STM Report for December 2023
Year End Review
Since the year 2023 came to an end, I have been reflecting on all our accomplishments during the past year and the list has grown amazingly long. See below a few stats and some of the year’s achievements.
2023 2022 2021
Sessions 2002 1901 2328
Traffic 5767 6220 5610
Check-ins 12,992 12,396 18,916
Time 32,454 32,363 37,426
HHTN increased sessions from 6 to 7 evenings per week effective Dec 2022
MARIPN increased sessions from 6 to 7 evenings per week effective Jan 2024
MARIDN (Digital Net) created and reporting NTS operation beginning in December 2022
MEN Montachusett Emergency Net began reporting weekly nets in August, handling NTS traffic.
APRS to DTN Gateway created by Michael WZ0C, reporting handling NTS traffic beginning in September.
New Official Relay Stations added: KC1SLQ, N1CVO, W1LEM, N1ILZ
New HHTN manager Bob Sparkes KC1KVY effective August 2023
New link to HHTN: Gardner and Fitchburg repeaters giving increased access to Worcester County
New Assistant STM for training, Peter KC1HHO appointed.
New NTS-ARES coordination team created under WZ0C and KD1CY
November section SET added NTS messaging including encapsulated ICS-213 type messages.
New Rhode Island Section Manager Nancy Austin KC1NEK elected and participating on MARIPN.
New website NTS2.arrl.org created reporting on activities of NTS 2.0 group working on improvement and enhancement of NTS.
New article on NTS featured in July QST, won ARRL cover plaque award.
New article in On the Air magazine highlighting volunteerism featuring KC1OIP, KC1HHO
New NTS Letter featuring all news NTS published by ARRL monthly beginning in October.
Annual traffic handlers picnic in August.
NE HamXposition in August featured two forums held on NTS.
Monthly STM reports highlighted W1HAI, N1LAH, KC1HHO, WZ0C, N1ILZ
Monthly traffic tips included on originations, deliveries, book traffic, SAR/PSHR reports.
Welcome to a new traffic handler, Tyler KC1RVS. A Fitchburg resident and newly licensed in September 2022 and upgraded to General Class in December 2022, Tyler has become very active handling traffic on both MARIPN and HHTN. A welcome addition from Worcester County and the Western Mass section.
NTS-ARES coordination and participation in upcoming section SET February 3, 2024
Since amateur radio operator privileges are awarded in part due to the ability of licensed radio amateurs to assist public service organizations in times of disasters and other emergency situations, NTS and ARES leadership is promoting greater coordination between these two programs. A team under the leadership of Michael WZ0C, ASTM for NTS-ARES Coordination, and Rob KD1CY SEC, has been discussing how both NTS and ARES personnel can collaborate more effectively. During an upcoming SET (Section Emergency Test) on February 3 from 10 AM to Noon, NTS personnel will be assisting ARES by relaying and delivering Health and Welfare traffic received from ARES teams. During this exercise several ARES groups will be originating test Health and Welfare messages that will be relayed via NTS. NTS will have traffic handlers in the role of NTS-Coordinators, who will receive these messages from each ARES group and relay them into the National Traffic System. EM2MN (145.23), MARIPN (3978) and MARIDN (3582.5) will be operating during this exercise. As in past exercises NTS stations are being asked to check into at least one of these nets and to also send a radiogram to Marcia KW1U (Section Traffic Manager) and/or Jon N1ILZ (Section Manager). Please mark the date and help practice readiness for service to the public.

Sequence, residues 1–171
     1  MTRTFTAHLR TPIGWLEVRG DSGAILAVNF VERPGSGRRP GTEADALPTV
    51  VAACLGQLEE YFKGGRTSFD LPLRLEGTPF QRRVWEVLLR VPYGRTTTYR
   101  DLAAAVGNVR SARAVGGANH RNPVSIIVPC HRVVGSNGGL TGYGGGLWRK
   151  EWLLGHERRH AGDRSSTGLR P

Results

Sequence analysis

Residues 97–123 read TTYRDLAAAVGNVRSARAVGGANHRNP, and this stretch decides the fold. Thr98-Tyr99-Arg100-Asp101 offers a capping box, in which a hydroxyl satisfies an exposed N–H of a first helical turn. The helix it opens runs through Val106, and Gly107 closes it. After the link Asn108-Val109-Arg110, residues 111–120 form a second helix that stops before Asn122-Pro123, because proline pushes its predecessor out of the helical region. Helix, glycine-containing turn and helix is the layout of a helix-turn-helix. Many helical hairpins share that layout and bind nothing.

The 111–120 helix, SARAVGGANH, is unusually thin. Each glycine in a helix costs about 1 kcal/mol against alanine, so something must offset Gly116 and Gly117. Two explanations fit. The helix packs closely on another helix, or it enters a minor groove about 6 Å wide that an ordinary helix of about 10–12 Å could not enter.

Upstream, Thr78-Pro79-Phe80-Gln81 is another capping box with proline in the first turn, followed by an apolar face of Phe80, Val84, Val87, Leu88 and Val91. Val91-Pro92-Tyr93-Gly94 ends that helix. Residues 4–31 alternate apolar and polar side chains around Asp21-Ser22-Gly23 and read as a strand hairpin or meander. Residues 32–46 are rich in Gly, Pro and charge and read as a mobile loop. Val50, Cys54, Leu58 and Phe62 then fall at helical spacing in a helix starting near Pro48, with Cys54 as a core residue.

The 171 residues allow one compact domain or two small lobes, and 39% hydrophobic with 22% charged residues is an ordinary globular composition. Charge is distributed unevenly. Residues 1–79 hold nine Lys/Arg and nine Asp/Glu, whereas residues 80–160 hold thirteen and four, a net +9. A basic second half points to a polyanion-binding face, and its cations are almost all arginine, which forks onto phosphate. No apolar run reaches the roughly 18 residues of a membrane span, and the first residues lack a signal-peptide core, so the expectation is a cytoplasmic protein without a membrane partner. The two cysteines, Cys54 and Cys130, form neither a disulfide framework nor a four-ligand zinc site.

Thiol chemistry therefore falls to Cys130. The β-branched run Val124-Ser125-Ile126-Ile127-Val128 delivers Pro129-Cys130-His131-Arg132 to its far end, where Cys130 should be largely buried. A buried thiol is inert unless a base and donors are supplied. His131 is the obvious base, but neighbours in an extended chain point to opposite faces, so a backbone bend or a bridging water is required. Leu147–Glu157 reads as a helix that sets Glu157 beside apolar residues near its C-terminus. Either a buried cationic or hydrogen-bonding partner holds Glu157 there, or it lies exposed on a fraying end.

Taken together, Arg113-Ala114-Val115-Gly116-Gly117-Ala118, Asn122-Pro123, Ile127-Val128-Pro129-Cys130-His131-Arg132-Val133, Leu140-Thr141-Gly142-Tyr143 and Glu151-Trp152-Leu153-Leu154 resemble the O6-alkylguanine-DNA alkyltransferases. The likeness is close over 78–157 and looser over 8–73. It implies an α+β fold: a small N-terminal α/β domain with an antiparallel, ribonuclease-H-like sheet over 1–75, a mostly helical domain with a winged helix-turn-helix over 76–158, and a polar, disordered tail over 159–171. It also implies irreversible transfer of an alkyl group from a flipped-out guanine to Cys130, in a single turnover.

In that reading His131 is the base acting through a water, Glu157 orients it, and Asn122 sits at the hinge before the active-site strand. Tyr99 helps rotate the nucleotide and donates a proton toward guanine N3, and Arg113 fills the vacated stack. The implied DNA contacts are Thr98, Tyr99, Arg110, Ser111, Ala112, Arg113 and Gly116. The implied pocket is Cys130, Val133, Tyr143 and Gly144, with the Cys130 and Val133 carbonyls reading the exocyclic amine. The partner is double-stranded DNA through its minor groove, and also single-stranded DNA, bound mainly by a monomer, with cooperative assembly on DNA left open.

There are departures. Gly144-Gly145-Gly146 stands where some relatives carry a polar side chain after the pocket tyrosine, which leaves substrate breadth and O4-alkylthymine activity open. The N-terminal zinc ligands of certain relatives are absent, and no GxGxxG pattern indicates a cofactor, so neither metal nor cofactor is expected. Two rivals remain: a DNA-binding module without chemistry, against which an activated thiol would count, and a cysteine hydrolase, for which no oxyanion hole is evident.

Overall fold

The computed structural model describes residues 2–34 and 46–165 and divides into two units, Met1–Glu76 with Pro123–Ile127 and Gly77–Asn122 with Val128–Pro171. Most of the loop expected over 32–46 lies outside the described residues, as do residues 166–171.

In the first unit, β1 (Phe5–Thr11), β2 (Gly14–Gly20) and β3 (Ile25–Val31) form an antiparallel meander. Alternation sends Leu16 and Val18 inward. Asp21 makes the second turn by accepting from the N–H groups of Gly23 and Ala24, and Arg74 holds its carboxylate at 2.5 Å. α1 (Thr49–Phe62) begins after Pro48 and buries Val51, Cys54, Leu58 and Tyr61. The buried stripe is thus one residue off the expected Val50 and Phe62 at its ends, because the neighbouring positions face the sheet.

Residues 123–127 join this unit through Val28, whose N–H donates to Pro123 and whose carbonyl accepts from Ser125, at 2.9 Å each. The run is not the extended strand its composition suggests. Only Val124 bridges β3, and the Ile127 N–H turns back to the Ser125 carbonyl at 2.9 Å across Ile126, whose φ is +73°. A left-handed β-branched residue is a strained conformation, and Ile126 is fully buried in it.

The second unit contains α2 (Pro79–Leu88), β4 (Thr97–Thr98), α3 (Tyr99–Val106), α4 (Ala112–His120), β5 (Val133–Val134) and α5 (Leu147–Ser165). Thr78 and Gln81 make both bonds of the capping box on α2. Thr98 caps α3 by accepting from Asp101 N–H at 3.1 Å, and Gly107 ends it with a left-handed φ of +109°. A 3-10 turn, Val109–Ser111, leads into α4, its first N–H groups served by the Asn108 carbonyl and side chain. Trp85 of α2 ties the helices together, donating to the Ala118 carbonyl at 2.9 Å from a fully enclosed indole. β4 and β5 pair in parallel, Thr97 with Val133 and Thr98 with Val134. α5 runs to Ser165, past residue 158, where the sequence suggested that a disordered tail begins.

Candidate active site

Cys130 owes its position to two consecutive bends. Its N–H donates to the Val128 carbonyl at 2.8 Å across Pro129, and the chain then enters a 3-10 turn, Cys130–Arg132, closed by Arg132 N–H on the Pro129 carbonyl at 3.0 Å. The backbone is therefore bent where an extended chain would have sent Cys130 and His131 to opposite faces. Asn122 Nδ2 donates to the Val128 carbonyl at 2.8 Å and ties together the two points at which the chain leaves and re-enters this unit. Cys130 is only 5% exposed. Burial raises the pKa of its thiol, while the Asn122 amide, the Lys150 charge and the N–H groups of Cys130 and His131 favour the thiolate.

NTS2.arrl.org website and NTS Letter:
Just a reminder that the NTS 2.0 teams continue to work on updating and enhancing the National Traffic System. Check out the website for new information. Also check out the NTS Letter, available for ARRL members to opt in to receive monthly issues in their e-mailboxes. Soon to go public is a web-based portal for use by the public or those unable to check into a net for entering messages which will be automatically converted into radiograms and then picked up by authorized traffic handlers from across the country for entry into the NTS. Another coming attraction is a treasure hunt where radiograms will be used to track clues and find hidden treasure. We know there are a lot of gamers out there and hope this will provide a little fun while keeping nets busy and our skills in practice. Teams are also working on creating training videos which should become available early in 2024. Stay tuned.